Further miniaturization of “portable” telephones made it possible to significantly reduce their weight and size, but still did not allow “getting out” of the car.

The first handsets of the NMT-450 standard (Nordisk MobilTelefon Scandinavian mobile telephony), were offered by one of the fathers of mobile communications. The devices of Stockholm Technical School graduate Esten Myakitolo can already be called mobile. However, they were not intended to be worn by humans.

Later (in the mid-1980s) phones appeared for the emerging NMT-900 networks (for example, Ericsson Hotline, Curt and Mobira Cityman) they turned out to be much lighter and more compact than the NMT-450 standard handsets.

Success in this direction was most accompanied by the American company Motorola. Back in 1967, she introduced the first walkie-talkies to the Chicago police. But after some time, Martin Cooper realized that he could create a relatively small mobile phone, and made his intention a reality.

30-year-old field test completed successfully the base station, mounted on top of the 50-story Alliance Capital Building in New York (Burlington Consolidated Tower), was able to serve up to 30 subscribers, connecting them to landlines. Starting in 1974, the US Federal Communications Commission began to allocate frequencies for private companies.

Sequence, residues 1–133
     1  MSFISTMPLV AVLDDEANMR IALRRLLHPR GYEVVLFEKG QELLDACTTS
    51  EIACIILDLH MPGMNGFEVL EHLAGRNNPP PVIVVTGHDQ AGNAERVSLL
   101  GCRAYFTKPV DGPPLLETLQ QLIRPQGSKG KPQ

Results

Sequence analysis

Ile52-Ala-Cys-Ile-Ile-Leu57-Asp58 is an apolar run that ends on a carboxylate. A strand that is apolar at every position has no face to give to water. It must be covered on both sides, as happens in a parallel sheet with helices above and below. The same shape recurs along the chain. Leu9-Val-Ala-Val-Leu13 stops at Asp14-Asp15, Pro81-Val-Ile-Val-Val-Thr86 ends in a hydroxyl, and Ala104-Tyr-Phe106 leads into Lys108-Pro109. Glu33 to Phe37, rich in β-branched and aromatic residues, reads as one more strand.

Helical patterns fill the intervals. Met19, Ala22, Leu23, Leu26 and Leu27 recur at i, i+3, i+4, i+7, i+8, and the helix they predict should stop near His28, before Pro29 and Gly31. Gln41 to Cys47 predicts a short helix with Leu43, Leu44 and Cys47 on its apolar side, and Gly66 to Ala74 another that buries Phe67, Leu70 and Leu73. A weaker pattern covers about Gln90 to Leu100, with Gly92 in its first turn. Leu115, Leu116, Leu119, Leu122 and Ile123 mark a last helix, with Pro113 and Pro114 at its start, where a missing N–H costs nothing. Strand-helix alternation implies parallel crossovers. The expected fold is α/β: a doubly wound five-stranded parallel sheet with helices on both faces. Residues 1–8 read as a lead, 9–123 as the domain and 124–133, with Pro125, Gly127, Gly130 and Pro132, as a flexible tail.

The first portable cell phone was the size and weight of an iron (or “brick with buttons”

Then, as now, New Yorkers are hard to impress. However, in those years, a person walking down the street and talking on the phone at the same time made an indelible impression on others.

It took Martin Cooper 10 years to bring this “brick-like” phone to the market, which weighed more than 1 kg. Such a long period, apparently, was due to the lack of suitable microprocessors for cell phones, which appeared only at the beginning of 1980s. During this time, the mass of the phone, which was put into commercial operation by Motorola in 1983, has almost halved. The cost of this one of the world’s first DynaTAC mobile phones without a display and any additional features was $3,500. In the same year, in Chicago, after a series of successful field tests, the AMPS standard network was deployed. It took another 7 years for the number of mobile users in the US to reach 1 million

GSM marches across Europe

Simultaneously with the successes in America, the idea of ​​a pan-European cellular network was floating on another continent. As a result, many local “standards” have emerged. Scandinavia, the Benelux countries and Saudi Arabia promoted NMT, the UK had its own TAGS system, Germany C-Netz, France Radiocom 2000, and Italy RTMI/RTMS.

“Confusion and vacillation” around a single standard began to fade away only after the organization of the GSM group (Groupe Speciale Mobile) in 1982. It included representatives of 24 Western European countries.

Somewhat later, in 1986, the digital standard GSM (Global System for Mobile Communications) was proposed. It took several more years to implement it, and in 1990 the Finnish Radtolinia launched the world’s first GSM network. A year later, similar networks appeared in other Scandinavian countries.